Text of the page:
Amid Palin hype, a pro-life feminist's dilemma
Both the Republican and Democratic parties force me to betray my core values.
I am still not sure about Republican motives behind the choice of Sarah Palin as John McCain's running mate. As I try to sort out the truth and fiction behind the barrage of attacks against Governor Palin (and my confidence in her ability to lead our country), one thing is certain: The 18 million cracks in the glass ceiling made for women during this campaign have not been made for me.
As a social worker who believes that life begins at conception, I am both pro-life and pro-woman. Both parties' platforms force me to betray my core values and choose between the two.
The White House Project, a nonprofit organization, states that support from other women is critical to increasing the number of women in politics. But, in general, feminists have led the attacks on one of their own who is close to shattering the ceiling. To them, Palin's pro-life position alone is proof that she is not fit to lead.
The sabotage of pro-life female leadership by other women is a bipartisan effort. Political action committees – Emily's List for Democrats, and WISH for Republicans – have been established on both sides to advance the careers of female political candidates. Each give money and deliver a bloc of voters to all women interested in running for public office, regardless of race, ethnicity, sexual orientation, or religion. Only one issue determines whether a woman is worthy of their resources: abortion. The candidate must be pro-choice.
Pro-life feminism is not a contradiction. Conveniently under our progressive radar is the hushed fact that the feminist movement is rooted in pro-life activism. Founders such as Victoria Woodhull, Susan B. Anthony, and Elizabeth Cady Stanton were active crusaders both for the progress of women, and for the unborn child. Stanton was the organizer of the nation's first women's rights convention in Seneca Falls, N.Y. In 1873, she wrote: "When we consider that women are treated as property, it is degrading to women that we should treat our children as property to be disposed of as we see fit," (Julia Howe's Diary, Harvard University Library).
Pro-life feminists of our time include Maya Angelou, the late Benazir Bhutto, and women who have made a powerful social statement by changing their position, including Roe v. Wade's "Jane Roe," Norma McCorvey.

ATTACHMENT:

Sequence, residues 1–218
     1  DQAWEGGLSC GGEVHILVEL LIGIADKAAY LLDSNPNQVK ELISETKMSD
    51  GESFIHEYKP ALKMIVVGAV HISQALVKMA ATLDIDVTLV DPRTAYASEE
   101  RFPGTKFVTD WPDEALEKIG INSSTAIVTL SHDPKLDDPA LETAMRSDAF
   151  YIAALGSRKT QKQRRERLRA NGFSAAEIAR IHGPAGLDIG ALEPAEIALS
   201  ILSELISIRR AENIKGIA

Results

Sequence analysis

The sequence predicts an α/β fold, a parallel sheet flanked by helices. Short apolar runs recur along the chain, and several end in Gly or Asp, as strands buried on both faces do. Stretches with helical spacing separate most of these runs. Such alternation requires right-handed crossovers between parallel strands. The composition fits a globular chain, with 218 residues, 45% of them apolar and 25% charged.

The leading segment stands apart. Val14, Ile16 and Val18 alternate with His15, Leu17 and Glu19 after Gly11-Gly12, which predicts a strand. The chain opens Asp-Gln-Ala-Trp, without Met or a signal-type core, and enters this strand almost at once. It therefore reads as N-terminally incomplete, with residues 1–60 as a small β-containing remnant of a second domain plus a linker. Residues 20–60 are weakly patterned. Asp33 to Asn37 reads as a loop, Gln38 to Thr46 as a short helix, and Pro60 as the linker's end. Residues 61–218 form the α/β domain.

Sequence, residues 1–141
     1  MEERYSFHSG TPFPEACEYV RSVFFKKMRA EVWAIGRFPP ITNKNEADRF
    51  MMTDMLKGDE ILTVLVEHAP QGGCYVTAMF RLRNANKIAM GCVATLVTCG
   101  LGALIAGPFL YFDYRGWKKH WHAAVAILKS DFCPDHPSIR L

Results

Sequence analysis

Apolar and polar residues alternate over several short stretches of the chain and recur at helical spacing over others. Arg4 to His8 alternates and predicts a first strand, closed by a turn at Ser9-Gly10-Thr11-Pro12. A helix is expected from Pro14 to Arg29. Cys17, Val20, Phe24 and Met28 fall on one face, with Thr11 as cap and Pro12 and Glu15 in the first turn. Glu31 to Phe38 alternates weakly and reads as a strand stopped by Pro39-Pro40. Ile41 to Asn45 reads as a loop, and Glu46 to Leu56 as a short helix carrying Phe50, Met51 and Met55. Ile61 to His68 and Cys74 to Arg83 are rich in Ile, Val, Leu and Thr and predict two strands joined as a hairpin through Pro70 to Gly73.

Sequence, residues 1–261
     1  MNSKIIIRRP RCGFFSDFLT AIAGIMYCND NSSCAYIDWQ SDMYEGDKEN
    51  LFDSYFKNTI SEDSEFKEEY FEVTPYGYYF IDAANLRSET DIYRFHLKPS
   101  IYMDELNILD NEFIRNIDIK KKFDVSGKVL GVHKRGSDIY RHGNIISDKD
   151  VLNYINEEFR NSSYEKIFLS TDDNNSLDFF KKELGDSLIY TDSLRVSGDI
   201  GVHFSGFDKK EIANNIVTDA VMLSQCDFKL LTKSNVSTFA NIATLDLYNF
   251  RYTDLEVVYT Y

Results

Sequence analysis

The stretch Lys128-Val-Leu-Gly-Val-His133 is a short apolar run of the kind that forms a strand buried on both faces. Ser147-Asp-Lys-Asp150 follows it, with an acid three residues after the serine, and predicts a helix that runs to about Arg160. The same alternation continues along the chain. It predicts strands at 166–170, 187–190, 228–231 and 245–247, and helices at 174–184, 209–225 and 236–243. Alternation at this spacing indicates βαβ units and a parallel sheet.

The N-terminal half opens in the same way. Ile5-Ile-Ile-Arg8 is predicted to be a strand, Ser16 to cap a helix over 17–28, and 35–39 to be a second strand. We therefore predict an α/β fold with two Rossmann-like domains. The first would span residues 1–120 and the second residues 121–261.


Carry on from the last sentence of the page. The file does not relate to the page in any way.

As noted by Democrats for Life, more and more pro-life Democrats are leaving their party and joining ranks with Republicans. The deficiency of a social justice agenda on the right means that these new recruits have no more of a chance to lead as a Republican than they did as a Democrat. This unreconciled dilemma has real consequences and even determines election outcomes.
According to a CNN/USA Today/Gallup poll conducted in 2004, 30 percent of pro-lifers said they would vote only for a candidate who shares their views on abortion. Only 11 percent of pro-choicers said the same. That pro-life intensity helped President Bush win in 2004.
According to Gallup, national exit polling in every presidential election since 1984 has shown a net advantage to the pro-life side, based on the percentage of single-issue abortion voters in the electorate.
Single-issue voters are not simple-minded. They make the hard decision to compromise on a myriad of urgent issues in order to vote their conscience on the one most important to them.
Our parties need to redefine themselves for moderate female voters – and left-leaning pro-life men – who see abortion as a lack of alternatives, rather than a celebration of progress. These female voters lead in their families, schools, and communities but still don't know where they belong in politics.
The upcoming election makes me want to stay at the water cooler.
One party condemns abortion but fails to support the brave women who carry through with unplanned pregnancies.
The other is out of touch with the 35 percent of Democrats who identify themselves as being pro-life, and socially conscious Republicans who wish they had other options.
Despite the criticism heaped upon her, Palin's presence on the Republican ticket is my last slim hope that the GOP will make good on their convention pledge and become responsive and accountable to working-class Americans. Smart Democrats would wake up to Palin's appeal to pro-life women and back candidates that represent the views of their members.
It's probably too late for this election, but Democrats could rescue their once-great party from the exodus of single-issue voters. There are millions of women like me across this country who can't figure out which box to check on their voter registration cards. Our votes, both for party allegiance and president, are up for grabs.